Community colleges - an academic dead end for minority students?

In this Golden State of promised opportunity, a growing minority population has come to see college education as a path to improvement and prosperity. Yet for minority students, that path has often ended in urban community colleges, with no baccalaureate degree in sight.

Eighty percent of California's minority college students are in community colleges; relatively few of them succeed in transferring to four-year colleges and universities. While more than one-quarter of the state's community college population are members of minority groups, they made up only 13 percent of students transferring to four-year state schools in 1982.

''What we're seeing is a de facto segregated system of higher education,'' says Susan Brown, an attorney for the Mexican-American Legal Defense and Educational Fund (MALDEF) of San Francisco.

The problem, according to Ms. Brown, other civil rights advocates, and educators, is that too few colleges and universities have worked closely with two-year schools to hammer out - in what is called ''articulation'' - what courses and programs will be accepted for transfer. Few programs exist to encourage community college students to begin planning their transfer early; clear, up-to-date information is often hard to find or nonexistent.

''There is a vast lack of transfer information for community college students and counselors, and an equal lack of uniformity in transfer policies,'' Ms. Brown adds.''It's an utterly confounded system.''

In an effort to force the state to take action on the issue, MALDEF and Public Advocates, a San Francisco-based public-interest law firm, filed a petition with the state's three segments of higher education last year to increase minority transfers. Addressing the community colleges, the 19 state colleges and universities, and the nine-campus University of California (UC), the petitioners seek mandatory counseling of community college students on transfer requirements, agreements to accept more transfer students, and clarification and streamlining of transfer policies.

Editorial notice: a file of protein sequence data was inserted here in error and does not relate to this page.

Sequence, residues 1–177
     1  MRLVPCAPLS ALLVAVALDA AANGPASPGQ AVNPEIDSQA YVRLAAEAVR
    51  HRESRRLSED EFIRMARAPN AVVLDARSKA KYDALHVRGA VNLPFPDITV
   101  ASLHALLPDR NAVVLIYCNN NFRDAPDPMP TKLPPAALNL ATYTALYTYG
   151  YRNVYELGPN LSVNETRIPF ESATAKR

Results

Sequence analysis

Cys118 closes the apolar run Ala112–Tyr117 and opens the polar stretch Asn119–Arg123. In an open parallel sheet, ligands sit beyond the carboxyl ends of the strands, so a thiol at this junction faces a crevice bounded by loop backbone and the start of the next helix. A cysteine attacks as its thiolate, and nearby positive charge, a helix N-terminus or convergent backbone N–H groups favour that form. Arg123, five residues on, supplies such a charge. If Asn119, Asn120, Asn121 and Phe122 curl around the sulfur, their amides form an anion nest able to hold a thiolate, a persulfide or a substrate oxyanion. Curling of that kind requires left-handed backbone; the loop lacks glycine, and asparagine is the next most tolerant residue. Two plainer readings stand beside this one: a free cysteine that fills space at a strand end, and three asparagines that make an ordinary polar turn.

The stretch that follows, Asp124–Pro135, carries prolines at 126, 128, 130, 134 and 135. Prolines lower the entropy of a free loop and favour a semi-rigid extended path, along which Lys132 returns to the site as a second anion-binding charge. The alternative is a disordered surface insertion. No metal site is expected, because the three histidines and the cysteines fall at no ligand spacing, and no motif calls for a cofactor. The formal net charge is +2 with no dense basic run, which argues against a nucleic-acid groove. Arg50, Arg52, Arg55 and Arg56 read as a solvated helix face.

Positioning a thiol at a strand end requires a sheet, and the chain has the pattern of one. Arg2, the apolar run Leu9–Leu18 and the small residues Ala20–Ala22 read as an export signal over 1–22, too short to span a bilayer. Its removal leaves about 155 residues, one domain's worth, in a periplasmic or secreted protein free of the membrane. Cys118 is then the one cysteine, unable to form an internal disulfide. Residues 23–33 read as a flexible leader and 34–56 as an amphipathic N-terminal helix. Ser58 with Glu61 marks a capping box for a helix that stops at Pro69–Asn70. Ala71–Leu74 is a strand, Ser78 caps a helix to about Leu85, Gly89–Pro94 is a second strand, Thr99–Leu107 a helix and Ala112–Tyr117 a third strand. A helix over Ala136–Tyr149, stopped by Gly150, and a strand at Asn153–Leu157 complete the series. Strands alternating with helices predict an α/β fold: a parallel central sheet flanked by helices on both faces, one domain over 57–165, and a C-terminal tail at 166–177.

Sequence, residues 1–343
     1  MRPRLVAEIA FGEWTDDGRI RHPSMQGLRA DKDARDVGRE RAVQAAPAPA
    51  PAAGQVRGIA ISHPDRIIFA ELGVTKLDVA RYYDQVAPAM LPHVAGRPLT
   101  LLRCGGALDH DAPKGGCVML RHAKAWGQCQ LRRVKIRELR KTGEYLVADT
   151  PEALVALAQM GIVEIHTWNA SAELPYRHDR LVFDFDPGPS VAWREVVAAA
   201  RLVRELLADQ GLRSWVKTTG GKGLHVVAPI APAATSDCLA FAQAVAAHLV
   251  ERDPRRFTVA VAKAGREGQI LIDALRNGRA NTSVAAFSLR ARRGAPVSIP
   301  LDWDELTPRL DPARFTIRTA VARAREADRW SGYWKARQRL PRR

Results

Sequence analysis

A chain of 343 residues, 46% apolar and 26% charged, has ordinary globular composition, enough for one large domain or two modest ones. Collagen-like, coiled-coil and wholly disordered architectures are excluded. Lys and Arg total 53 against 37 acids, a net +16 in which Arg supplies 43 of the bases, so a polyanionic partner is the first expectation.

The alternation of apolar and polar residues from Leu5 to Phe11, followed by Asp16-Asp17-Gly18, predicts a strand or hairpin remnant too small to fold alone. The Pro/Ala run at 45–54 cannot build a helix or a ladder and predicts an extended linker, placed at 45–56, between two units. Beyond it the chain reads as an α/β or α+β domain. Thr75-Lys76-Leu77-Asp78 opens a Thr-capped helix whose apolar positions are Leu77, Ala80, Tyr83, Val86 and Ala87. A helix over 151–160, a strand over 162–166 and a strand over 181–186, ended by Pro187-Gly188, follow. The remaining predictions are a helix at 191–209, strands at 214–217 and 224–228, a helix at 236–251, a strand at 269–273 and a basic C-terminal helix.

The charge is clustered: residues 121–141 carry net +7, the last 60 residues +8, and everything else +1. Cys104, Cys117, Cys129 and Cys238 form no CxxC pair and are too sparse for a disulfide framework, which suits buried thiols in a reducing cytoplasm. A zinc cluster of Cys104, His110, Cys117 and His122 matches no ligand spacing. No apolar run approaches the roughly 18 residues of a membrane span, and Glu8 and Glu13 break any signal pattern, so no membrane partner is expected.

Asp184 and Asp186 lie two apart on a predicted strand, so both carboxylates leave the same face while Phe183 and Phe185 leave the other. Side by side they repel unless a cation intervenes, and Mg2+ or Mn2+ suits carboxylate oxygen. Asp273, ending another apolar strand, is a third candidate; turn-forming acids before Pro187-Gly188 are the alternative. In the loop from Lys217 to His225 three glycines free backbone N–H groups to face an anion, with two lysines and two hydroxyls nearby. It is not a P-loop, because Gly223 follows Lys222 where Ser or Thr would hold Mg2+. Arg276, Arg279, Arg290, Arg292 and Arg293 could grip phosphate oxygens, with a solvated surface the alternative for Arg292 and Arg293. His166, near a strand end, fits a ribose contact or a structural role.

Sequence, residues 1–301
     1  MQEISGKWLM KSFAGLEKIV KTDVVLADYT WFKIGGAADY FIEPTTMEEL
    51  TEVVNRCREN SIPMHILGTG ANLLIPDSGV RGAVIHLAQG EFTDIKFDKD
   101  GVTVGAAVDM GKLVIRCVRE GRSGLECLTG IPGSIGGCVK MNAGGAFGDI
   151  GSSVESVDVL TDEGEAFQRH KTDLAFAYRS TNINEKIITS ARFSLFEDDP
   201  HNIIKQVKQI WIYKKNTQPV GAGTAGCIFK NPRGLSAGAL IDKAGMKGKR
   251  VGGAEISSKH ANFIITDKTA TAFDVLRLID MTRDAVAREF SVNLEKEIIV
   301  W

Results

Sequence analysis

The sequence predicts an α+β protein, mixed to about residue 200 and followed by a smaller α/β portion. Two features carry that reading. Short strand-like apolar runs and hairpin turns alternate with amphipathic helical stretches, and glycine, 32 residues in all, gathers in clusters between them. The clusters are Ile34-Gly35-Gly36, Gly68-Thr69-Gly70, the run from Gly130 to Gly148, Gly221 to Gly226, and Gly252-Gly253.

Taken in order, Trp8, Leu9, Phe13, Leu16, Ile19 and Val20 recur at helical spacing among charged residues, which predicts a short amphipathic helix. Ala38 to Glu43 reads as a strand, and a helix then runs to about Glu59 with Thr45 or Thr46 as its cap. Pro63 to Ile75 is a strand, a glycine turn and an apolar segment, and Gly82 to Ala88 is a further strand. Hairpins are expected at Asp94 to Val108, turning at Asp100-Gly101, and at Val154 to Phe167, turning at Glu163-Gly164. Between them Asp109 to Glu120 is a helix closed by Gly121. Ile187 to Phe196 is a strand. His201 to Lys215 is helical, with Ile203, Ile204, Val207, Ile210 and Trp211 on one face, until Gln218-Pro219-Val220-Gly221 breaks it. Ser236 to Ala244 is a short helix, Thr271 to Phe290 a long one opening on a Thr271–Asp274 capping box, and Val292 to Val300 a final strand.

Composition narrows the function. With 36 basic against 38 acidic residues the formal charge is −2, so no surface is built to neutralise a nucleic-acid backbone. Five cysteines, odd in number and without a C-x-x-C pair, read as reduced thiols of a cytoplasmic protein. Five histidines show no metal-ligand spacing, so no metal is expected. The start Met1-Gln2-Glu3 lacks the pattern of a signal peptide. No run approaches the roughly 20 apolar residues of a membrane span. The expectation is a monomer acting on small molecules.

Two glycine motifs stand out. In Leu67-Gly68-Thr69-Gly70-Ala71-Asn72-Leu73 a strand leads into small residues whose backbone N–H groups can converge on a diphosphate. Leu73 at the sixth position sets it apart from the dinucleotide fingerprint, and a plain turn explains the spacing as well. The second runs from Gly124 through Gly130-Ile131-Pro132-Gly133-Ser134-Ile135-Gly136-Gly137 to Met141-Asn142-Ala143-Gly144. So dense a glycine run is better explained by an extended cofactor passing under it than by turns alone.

In addition, the petitioners say California's public four-year schools have violated state law by not holding to acts prescribing reservation of space for transferring upper-division students. The number of students entering the four-year institutions as freshmen has increased over the past decade, even as the transfer rate from community colleges has declined: by 30 percent to UC, by 10 percent to the state colleges and universities.

The problem of low transfer rates from community colleges, particularly among minorities, is not unique to California. Nationwide, only about 1 in 7 community college students wishing to complete a four-year college education actually does so. And the burden of those numbers falls particularly hard on minority students concentrated in urban two-year colleges. According to the Ford Foundation, while only 27 percent of full-time white college students enroll in a community college, the percentage among minorities is much higher: 37 percent for blacks, 45 percent for Hispanics.

And although minority students are not alone in facing bleak transfer prospects, their situation is particularly discouraging. Many minority students are first-generation college-goers, without family experience in handling college bureaucracies.